“The European IT workforce needs highly skilled, innovative, as well as responsible and accountable professionals, adhering to common standards. Only in this way, can we ensure the efficient and secure growth of European business while making sure that people can trust and use the IT-based products and services.”
By Austeja Trinkunaite – Secretary General, IT Professionalism Europe (ITPE)
The Covid-19 pandemic has accelerated the use of digital technologies by industry while exposing the related vulnerabilities including computer failures, cyber-criminality, and ransomware. To meet the challenges of the digital transition, the European Commission announced an ambitious target to have 20 million IT professionals within the European workforce by 2030. This target is very timely because demand for IT professionals in the labour market is growing, along with the development and use of new technologies, such as Artificial Intelligence, Robotics and Blockchain.
There are many ideas about how we can strive to reach this goal. These include upskilling and re-qualifying employees from other backgrounds, attracting a more diverse population, and developing high quality education programmes and apprenticeships. We do not need to reinvent the wheel. That is why it is crucial to share best practice and scale up the successful initiatives through platforms like DSJC. However, while increasing the number of IT professionals, the EU governments, social and education systems must not only focus on quantity, but also the quality of the IT workforce.
The European IT workforce needs highly skilled, innovative, as well as responsible and accountable professionals, adhering to common standards. Only in this way, can we ensure the efficient and secure growth of European businesses while making sure that people can trust and use the IT-based products and services.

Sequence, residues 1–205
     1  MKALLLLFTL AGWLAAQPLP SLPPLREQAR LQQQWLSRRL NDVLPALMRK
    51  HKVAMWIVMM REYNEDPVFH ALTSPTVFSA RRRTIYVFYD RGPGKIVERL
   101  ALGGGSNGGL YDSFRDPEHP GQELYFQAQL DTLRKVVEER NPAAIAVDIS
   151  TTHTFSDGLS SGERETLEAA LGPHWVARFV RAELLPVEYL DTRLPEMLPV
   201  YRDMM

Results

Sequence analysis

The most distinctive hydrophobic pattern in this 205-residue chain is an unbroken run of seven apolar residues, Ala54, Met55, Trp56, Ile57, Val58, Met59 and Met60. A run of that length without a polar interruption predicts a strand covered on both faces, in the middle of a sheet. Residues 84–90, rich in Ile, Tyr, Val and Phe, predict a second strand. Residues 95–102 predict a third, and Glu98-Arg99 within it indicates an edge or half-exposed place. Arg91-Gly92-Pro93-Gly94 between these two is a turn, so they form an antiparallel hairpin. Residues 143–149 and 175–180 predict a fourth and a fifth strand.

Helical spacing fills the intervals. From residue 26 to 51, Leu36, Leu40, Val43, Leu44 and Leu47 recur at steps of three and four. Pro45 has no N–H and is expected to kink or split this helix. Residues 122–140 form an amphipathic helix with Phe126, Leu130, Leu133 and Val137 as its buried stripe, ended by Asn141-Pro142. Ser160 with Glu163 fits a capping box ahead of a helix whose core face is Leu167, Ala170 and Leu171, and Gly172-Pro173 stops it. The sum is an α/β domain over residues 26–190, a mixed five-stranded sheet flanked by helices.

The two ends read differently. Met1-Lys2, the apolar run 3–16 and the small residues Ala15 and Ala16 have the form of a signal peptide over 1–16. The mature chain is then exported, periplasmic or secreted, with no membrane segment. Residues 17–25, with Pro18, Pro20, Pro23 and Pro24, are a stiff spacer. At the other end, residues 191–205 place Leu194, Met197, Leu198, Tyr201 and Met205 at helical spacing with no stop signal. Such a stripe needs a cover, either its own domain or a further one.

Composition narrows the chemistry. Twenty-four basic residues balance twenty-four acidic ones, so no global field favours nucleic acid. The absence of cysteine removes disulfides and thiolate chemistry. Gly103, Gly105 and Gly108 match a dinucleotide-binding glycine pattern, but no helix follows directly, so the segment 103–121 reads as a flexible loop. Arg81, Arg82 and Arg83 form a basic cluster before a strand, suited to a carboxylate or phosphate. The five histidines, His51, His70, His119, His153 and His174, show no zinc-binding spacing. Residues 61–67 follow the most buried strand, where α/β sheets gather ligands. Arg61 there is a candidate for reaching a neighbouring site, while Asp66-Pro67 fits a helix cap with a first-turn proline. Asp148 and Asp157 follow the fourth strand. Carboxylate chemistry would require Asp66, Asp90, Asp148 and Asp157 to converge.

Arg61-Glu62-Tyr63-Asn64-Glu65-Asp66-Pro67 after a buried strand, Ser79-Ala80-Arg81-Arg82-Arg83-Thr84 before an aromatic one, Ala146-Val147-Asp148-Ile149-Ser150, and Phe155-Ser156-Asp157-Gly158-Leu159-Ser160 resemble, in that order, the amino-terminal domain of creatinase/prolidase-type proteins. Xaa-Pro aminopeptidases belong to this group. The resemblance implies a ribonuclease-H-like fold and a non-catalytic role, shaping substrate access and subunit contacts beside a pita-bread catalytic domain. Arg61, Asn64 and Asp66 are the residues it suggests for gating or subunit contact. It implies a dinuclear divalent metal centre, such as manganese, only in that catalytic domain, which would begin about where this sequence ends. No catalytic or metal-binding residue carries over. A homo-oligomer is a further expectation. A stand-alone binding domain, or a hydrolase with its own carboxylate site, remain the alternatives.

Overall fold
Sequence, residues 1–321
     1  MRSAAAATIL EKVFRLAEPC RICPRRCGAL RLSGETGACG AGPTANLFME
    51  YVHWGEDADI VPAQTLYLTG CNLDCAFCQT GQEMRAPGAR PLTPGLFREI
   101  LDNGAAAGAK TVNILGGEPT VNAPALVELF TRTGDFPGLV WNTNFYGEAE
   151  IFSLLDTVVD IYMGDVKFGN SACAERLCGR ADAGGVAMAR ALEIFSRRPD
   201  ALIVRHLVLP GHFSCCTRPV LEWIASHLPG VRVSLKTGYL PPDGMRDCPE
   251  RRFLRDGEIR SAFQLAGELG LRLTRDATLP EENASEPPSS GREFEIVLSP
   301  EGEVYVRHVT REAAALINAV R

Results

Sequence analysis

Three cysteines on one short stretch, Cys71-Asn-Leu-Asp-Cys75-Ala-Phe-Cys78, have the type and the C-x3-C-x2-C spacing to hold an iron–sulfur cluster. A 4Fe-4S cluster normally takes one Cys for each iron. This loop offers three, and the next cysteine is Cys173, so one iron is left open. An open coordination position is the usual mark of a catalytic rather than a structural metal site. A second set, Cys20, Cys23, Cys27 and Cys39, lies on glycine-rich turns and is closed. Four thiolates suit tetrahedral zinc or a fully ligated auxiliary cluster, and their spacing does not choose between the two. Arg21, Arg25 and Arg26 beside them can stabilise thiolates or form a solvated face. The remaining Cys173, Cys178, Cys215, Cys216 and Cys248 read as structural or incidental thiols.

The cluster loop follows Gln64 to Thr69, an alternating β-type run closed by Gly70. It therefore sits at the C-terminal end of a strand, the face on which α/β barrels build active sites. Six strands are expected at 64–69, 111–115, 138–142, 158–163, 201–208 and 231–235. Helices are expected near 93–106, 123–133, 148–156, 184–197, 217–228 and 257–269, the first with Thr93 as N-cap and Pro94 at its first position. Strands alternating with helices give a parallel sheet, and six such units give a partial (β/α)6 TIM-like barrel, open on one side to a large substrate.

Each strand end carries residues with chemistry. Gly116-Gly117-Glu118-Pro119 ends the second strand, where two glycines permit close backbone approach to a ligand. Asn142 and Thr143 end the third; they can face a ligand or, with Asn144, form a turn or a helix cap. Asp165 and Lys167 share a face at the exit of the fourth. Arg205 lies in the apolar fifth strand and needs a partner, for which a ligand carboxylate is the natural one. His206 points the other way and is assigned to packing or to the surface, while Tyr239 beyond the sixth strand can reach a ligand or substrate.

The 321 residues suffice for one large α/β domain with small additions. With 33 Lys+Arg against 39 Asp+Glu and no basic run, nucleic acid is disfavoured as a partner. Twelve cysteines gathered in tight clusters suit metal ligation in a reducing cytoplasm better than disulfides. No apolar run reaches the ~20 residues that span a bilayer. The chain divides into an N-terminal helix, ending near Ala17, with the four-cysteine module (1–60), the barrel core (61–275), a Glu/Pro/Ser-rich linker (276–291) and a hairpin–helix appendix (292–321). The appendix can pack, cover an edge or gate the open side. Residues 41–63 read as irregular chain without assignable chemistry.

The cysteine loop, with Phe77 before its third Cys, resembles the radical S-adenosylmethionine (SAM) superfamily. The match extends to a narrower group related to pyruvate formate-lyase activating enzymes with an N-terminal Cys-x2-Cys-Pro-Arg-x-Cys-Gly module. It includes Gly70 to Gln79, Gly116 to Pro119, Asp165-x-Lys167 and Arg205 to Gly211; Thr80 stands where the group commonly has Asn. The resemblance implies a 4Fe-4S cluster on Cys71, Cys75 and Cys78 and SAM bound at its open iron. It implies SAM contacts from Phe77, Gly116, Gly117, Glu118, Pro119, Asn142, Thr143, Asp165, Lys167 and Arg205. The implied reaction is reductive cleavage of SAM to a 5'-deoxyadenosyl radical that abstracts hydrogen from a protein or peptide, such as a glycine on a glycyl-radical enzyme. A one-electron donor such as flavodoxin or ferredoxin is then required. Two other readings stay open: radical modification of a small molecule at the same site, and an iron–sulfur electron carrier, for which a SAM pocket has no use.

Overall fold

Competences are sustained by developing and maintaining relevant technical and soft skills. An IT professional should also commit to a code of conduct and adopt a professional attitude – striving for high quality and applying best practice to meet the requirements of employers or clients. Furthermore, participation in a wider professional community will build a joint effort to develop and promote best practices and the uptake of common standards.
Much of the work on developing the IT professional standards is being done by the European Standardisation Committee (CEN). CEN has already released the e-Competence Framework (e-CF), which has benefited numerous companies across Europe in describing IT profiles and upskilling their staff. CEN will soon release the European Professional Ethics Framework.
We, at IT Professionalism Europe (ITPE), work to build a community supporting this work and to exchange best practice for creating a truly professional IT workforce.
Everyone should be involved: employers, social partners, as well as education and training providers. Particularly public authorities should demonstrate leadership by committing to the highest IT Professionalism standards as employers and IT services clients.
You can find out how to get involved in our policy paper on building the best IT workforce to deliver Europe’s digital transition.